On December 9-10, 2011, in the School of Humanities and Journalism in Poznań, there took place the second Polish convention of WordPress fans, WordCamp. The first Polish convention was organized one year earlier in Łódź. Globally, WordCamp has a slightly longer history. It was founded in 2006 by Matt Mullenweg and since then the conference is organized cyclically in different places around the world. In the 5-year history of WordPress meetings, each year you can observe a growing number of conventions and participants.
The main idea of WordCamp is the non-commercial character, easy access to all who are interested and fascinating lectures. What’s most important for the participants, is that they can share knowledge and experience with WordPress. On WordCamp, you won’t see people with briefcases, wearing suits... Instead, you will come across nerds, geeks and other brainiacs, people for whom laptops are extensions of their arms and a well written line of code is a source of peculiar satisfaction.
Why so far there’s been only two WordCamps in Poland?
To find an answer to this question, I’ve dug into statistics. According to WordPress founder, Matt Mullenweg, 14.7% out of million most popular websites in the world and 22% of new domains set up in the United States are based on WordPress platform. When looking into a report prepared by Water & Stone, Open Source CMS Market Share (https://www.waterandstone.com/downloads/2011OSCMSMarketShareReport.pdf), you can see that this system crushes the competition in Open Source CMS solutions. The exact number of downloads can be checked on WordPress.org (wordpress.org/download/counter/).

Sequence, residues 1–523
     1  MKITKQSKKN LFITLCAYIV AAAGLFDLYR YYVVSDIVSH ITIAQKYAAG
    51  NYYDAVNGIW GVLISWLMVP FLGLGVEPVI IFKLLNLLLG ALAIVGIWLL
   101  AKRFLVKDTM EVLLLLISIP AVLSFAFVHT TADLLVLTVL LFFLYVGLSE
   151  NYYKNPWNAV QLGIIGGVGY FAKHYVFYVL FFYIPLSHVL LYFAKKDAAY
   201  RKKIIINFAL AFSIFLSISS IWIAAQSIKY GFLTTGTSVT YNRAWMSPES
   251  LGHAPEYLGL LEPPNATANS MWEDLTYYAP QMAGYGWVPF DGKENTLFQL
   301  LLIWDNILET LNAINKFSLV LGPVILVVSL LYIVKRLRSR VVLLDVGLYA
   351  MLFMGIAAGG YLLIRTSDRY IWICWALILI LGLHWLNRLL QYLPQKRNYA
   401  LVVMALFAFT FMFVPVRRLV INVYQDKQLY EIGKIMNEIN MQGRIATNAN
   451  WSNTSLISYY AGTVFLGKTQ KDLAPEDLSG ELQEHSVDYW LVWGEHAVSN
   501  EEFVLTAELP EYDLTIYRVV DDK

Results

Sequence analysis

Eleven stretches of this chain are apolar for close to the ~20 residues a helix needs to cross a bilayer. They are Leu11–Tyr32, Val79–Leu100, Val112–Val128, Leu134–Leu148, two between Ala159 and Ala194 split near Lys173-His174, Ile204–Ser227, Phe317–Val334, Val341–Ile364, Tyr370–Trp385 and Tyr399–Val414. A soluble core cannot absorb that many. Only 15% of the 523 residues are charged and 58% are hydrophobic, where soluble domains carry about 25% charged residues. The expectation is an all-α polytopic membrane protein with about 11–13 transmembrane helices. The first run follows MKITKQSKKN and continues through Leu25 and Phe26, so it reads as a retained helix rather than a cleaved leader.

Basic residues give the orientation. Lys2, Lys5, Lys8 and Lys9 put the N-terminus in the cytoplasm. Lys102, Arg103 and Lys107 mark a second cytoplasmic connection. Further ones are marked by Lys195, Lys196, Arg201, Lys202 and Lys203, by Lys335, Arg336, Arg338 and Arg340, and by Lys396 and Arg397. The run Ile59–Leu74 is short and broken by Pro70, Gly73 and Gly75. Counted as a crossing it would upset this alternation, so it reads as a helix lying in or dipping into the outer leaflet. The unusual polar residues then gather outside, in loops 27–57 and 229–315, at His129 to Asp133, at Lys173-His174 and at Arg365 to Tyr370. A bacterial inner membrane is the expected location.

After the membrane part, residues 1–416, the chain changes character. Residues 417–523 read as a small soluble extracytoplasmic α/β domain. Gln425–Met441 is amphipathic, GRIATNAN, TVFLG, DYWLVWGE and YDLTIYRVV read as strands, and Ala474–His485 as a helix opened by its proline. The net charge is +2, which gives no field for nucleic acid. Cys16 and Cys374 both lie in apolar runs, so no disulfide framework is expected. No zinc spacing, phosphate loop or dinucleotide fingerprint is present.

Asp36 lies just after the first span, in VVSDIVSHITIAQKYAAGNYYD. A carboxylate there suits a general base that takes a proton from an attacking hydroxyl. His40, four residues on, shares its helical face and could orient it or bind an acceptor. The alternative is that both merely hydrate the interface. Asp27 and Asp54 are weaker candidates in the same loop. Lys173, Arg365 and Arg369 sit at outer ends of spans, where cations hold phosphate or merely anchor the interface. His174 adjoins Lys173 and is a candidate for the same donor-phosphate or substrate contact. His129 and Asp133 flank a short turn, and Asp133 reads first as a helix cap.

I’m wondering, however, why it’s not that popular in Poland? Here it’s just beginning to develop, and the events such as WordCamp organized in Poznań are the response to the dynamic growth of popularity. One of the speakers of this year’s convention pointed out that the needs of Polish market associated with WordPress outgrow the production capabilities of people currently dealing with it. It turns out that there is a shortage of programmers with WordPress expertise. It’s also worth noticing that user (client) awareness of the functionality and usage of this platform is also growing. So it’s more and more often used for setting up internet portals and shops.
The first question I’ve asked myself after two days of participation in Poznań WordCamp was: Was it worth it? Over the two days there were 14 talks (2011.poznan.wordcamp.org/agenda/), which provided me with lots of knowledge, experience and caffeine. The topics were mostly of technical character, there were presented the most important issues associated with WordPress, such as panel modifications, creating plugins, optimization and security.
I especially recommend the talk by Paweł Pela, who approached WordPress in a strictly humane manner, lecture – “Making money out of WordPress, or how to become a freelancer”, in which he discussed all the aspects of relations with clients and work organization from legal perspective, so everything you should know when starting your business.
I encourage those who are interested in WordPress to visit WordPress.tv, where you can find numerous WordCamp talks from all over the world.